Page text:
I’ve had some interesting follow-ups from my post yesterday on China’s smartphone OEMs.
A couple people e-mailed to confirm that there really are thousands of these companies competing. Also, my estimate on Mediatek seems to be pretty close to what the industry is expecting – 200+ million smartphones this year.
Someone else pointed out that a few of these companies – KTouch, Oppo, and Gionee among ohers already have very extensive sales networks, to say nothing of Huawei and ZTE. This is what I suspected, and I imagine this process will become more pronounced. If you look at some of the big industry conferences – MWC, CES, etc – there has been this steady growth of China handset companies on the exhibition floor. One indication of their expanding sales and marketing horizons.
But the most interesting pushback I got regarded some of the Android replicants, or re-skinned Android OS, that Baidu and others are promoting. Most people cautioned that these are not getting much traction from the hardware community. I tend to agree that the full-featured OSs like Alibaba’s Aliyun are going to have a hard time getting hardware partners. However, I think there is a more likely possibility. Instead of shipping entirely new versions of Android look-alikes, the China OEMs could very well start bundling alternative messaging and online service apps. This is directly analogous to what the PC makers did in the 90’s. Remember all those pre-installed AOL and Earthlink icons? For a period, the only profits that PC makers like Dell generated from PC sales came from these. Using a different OS is hard, but pre-installing apps is relatively easy. One of our readers noted that the alternative OS’s would fare poorly, but “If it was Tencent, that would be different.” The implication being that Tencent is already so hugely popular in China, they could shift the market. So far Tencent has shown no sign of building their own OS or Android variant, but they have shown some interest in bundling their apps onto phones. [Recall we own Tencent in our PA]. The same could be said of Sina and its Weibo messaging app.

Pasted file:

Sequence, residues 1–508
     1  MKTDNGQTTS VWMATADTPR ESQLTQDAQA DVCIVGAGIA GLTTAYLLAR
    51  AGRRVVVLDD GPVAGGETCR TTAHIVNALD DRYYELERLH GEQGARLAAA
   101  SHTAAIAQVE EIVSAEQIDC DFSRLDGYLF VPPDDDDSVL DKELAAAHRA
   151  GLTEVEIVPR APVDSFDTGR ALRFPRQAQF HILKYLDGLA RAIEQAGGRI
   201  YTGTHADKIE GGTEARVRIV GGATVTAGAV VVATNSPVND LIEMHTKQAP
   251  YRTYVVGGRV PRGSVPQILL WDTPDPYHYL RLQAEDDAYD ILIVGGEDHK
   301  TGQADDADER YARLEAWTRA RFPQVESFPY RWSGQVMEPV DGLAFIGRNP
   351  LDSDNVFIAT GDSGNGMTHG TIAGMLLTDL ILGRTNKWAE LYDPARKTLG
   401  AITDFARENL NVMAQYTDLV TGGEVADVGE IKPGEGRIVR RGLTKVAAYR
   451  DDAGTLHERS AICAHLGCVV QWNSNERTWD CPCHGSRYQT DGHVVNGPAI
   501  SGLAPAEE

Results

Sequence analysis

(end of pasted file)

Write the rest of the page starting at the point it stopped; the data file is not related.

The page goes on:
Our best guess is that this is the direction the industry will move. The China OEMs will ship the version of Android that their chip vendors provide, and this will likely be Main Branch Android, But then the OEMs will sign partnerships with popular Internet services. And as we noted, this could prove a major vehicle for China’s Internet players to expand beyond China.